2- The fact that it took too long for the Canadians to replace the F-104 (and now, history repeats itself) also didn't help in any way its accident rate. Resuming, old equipment/aircraft are way more prone to crash compared to new aircraft and this is independent of the number of engines that the aircraft may have.


mixelflick wrote:As far as the liberal gov't sanctioning combat use/investment in the F-35 program. Maybe. But they're also the same liberal gov't that snubbed the F-35. Their past behavior/decision making is no barometer of what they'll do in the future. In fact, Canada's behavior is (at times) absolutely bizarre.


Again, this is only history repeating itself (in Canada). Or do you think that the Canadian F/A-18 purchase in the early 1980's went smoothly and without any derails and second doubts at the political level??
If you do then read the following:

https://en.wikipedia.org/wiki/New_Fight ... ft_Project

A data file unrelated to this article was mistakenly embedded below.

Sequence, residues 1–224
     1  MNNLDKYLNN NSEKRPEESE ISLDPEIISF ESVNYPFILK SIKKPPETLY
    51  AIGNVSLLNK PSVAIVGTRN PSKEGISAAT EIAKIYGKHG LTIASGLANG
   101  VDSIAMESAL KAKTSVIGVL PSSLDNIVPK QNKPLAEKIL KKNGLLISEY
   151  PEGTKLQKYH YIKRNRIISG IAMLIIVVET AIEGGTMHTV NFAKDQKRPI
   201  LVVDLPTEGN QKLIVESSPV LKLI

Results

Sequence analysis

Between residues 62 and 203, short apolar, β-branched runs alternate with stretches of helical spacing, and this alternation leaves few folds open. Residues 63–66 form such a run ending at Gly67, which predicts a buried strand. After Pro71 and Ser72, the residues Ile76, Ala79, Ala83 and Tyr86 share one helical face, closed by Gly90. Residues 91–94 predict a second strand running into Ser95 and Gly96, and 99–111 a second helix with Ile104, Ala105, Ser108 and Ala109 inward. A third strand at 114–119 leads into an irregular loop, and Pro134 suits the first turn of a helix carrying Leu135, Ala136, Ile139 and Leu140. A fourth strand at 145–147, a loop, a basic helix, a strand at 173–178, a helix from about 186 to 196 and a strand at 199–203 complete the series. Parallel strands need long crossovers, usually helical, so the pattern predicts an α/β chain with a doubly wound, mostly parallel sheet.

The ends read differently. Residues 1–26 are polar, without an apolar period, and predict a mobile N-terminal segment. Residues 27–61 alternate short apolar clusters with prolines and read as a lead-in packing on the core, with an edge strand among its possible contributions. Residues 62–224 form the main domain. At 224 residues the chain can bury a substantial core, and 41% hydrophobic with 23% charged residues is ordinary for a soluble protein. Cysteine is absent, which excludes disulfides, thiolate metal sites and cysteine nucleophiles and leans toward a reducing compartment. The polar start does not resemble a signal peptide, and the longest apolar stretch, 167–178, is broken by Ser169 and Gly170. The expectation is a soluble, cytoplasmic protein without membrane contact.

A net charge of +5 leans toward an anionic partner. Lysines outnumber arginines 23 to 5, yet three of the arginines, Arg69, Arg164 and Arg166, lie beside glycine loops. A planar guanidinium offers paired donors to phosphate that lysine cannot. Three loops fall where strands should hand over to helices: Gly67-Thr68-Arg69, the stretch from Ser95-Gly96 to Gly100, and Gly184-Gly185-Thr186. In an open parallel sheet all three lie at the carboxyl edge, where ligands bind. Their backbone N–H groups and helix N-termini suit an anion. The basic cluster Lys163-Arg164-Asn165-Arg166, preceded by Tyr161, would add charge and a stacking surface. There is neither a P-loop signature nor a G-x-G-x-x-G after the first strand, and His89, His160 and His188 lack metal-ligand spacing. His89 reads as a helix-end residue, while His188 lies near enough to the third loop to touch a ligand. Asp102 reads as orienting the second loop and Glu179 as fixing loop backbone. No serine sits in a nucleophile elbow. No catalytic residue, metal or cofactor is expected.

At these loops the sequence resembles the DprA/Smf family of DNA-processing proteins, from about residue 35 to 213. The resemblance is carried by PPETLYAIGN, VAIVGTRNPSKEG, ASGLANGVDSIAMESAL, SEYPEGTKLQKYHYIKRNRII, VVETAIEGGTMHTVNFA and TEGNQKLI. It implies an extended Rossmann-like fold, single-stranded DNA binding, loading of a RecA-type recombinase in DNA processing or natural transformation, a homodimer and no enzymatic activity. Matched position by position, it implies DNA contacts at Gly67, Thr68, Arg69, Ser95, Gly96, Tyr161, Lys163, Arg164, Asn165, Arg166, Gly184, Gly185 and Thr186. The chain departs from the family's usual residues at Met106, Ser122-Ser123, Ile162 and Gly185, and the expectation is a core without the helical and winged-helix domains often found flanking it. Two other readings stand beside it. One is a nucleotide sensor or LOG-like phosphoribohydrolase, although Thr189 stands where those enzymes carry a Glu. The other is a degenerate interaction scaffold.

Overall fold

While the negotiations with McDonnell Douglas were continuing, Air Canada announced it was purchasing the Lockheed L-1011 to add to its wide-body fleet. This greatly angered James Smith McDonnell, the Chief Executive Officer of McDonnell Douglas, who personally threatened to cancel his company's participation in the NFA project.[5] Neither DND and DSS wanted this to happen, and wanted both the F-16 and F/A-18 aircraft to remain in contention for the NFA project. However, these concerns were later muted when a report was leaked that suggested the F/A-18 was favoured to win the NFA project, and it appeared that the DITC's concerns were going to be overridden. As a result, McDonnell Douglas became much less vocal about the Air Canada purchase.[5]